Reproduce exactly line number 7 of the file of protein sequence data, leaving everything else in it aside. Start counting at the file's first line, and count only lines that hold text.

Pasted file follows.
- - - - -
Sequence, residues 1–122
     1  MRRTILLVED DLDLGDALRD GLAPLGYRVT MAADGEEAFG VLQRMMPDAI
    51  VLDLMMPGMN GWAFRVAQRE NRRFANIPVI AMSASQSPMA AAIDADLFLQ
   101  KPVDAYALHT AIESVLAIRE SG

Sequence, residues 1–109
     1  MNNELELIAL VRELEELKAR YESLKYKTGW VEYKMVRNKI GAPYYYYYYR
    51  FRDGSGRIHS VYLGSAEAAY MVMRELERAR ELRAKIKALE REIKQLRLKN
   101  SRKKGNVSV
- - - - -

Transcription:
    51  FRDGSGRIHS VYLGSAEAAY MVMRELERAR ELRAKIKALE REIKQLRLKN